See anything wrong in this picture?
How about now?
Still no? OK, let’s look closer:
Q: When is an eyebolt like a neutered dog?
A: When it has no nuts.
That’s right. The eyebolt that our inner forestay is connected to is being held in place strictly by habit, friction, and good luck. I don’t even like to think about the mayhem that could have ensued if the bolt had come completely out of the hole in the bowsprit while we were close hauled in 15 knot winds, much less anything higher. I have no idea when the nut worked its way off the bolt. I’d like to think I would have noticed it if it was gone before we left San Carlos but I can’t be sure I would have. The only reason I happened to notice it here was that I’d been reading an account of a sailing adventure in one of the old magazines up in the marina office and the author happened to mention the eyebolt that his inner forestay was connected to. Don’t remember the context but it caused me to look at mine when I returned to the boat later. I was aghast at what I found. The bolt had worked its way a good 1″ out of the bowsprit and there was only about 5/8″ of thread still sticking out the bottom.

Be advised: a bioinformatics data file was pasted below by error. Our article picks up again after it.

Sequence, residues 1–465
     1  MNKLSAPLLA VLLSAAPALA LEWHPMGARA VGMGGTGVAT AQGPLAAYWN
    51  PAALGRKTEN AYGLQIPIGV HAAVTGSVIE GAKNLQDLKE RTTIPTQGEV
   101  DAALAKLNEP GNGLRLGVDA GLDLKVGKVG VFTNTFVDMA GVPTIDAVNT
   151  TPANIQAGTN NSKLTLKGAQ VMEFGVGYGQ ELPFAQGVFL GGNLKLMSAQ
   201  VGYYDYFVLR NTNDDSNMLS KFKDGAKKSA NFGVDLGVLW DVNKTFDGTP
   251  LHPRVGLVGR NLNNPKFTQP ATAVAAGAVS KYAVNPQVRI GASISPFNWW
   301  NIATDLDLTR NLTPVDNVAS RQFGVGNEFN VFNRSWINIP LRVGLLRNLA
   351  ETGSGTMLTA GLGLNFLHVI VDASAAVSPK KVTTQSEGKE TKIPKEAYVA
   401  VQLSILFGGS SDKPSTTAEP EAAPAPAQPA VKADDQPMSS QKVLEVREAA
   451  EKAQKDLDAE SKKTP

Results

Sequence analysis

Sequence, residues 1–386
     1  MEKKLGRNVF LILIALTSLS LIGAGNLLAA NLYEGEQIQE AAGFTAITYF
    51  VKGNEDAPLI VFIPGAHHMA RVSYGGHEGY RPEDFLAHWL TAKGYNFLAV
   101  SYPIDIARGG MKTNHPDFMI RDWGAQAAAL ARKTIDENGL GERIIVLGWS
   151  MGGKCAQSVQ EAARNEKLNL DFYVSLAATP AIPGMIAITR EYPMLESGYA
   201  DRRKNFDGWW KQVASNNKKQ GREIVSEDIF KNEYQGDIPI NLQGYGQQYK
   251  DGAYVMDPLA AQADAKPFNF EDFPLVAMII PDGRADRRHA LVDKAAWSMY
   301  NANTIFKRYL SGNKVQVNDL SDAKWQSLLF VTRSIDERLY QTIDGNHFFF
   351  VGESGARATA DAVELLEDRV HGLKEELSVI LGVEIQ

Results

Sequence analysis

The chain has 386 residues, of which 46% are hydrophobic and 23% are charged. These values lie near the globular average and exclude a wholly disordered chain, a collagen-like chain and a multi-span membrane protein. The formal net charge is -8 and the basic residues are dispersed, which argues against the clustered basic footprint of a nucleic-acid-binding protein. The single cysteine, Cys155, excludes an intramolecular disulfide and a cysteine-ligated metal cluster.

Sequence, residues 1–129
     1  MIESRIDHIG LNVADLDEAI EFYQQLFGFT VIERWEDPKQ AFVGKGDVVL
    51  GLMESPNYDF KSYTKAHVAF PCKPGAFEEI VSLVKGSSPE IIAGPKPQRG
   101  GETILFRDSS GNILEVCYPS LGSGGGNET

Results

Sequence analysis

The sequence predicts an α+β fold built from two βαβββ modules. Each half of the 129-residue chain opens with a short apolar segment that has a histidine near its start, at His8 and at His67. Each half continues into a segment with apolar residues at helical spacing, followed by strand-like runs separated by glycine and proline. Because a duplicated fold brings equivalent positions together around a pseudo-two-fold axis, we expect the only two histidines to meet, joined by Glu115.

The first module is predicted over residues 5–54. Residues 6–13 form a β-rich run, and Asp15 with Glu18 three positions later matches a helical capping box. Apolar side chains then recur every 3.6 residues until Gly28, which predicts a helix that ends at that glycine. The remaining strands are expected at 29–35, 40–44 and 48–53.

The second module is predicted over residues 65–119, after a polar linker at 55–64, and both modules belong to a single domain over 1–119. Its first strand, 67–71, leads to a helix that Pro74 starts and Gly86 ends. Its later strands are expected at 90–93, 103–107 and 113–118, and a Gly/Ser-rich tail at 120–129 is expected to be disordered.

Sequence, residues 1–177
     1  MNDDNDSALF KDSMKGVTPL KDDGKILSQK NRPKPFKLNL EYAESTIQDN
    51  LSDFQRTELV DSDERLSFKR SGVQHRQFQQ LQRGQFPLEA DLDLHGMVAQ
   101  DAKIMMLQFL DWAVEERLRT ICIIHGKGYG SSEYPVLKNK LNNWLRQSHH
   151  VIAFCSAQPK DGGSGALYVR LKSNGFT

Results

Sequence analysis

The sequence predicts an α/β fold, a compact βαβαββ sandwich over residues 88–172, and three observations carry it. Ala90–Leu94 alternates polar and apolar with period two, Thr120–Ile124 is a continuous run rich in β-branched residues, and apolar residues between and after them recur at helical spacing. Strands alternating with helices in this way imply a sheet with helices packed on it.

I checked my stash of hardware but didn’t have any 1/2″ stainless nuts. Might have a couple bronze ones in the lazarette that I can use in a pinch but I’d rather avoid using dissimilar metals if possible. A foray into town on New Year’s Eve day showed that, harbor or not, this is not a particularly boat-y town. I did manage to find some SS 1/2″ nuts at one of the larger ferreterías but he didn’t have any washers to along with them. Fortunately, I did have a few appropriate washers in my stash.
The eyebolt is now resecured and double-nutted with Loc-Tite Red to hopefully keep things where they belong.
We might have to consider a new bowsprit one of these days. There was a little bit of water damage around the eyebolt’s hole as would be expected after 37 years. It’s not too bad yet but will bear watching. When we replace the sprit, I think we might just go for a nice stainless steel one. But for now, our old Douglas Fir pole still has a few good years left in her.
Happy New Year and check your nuts.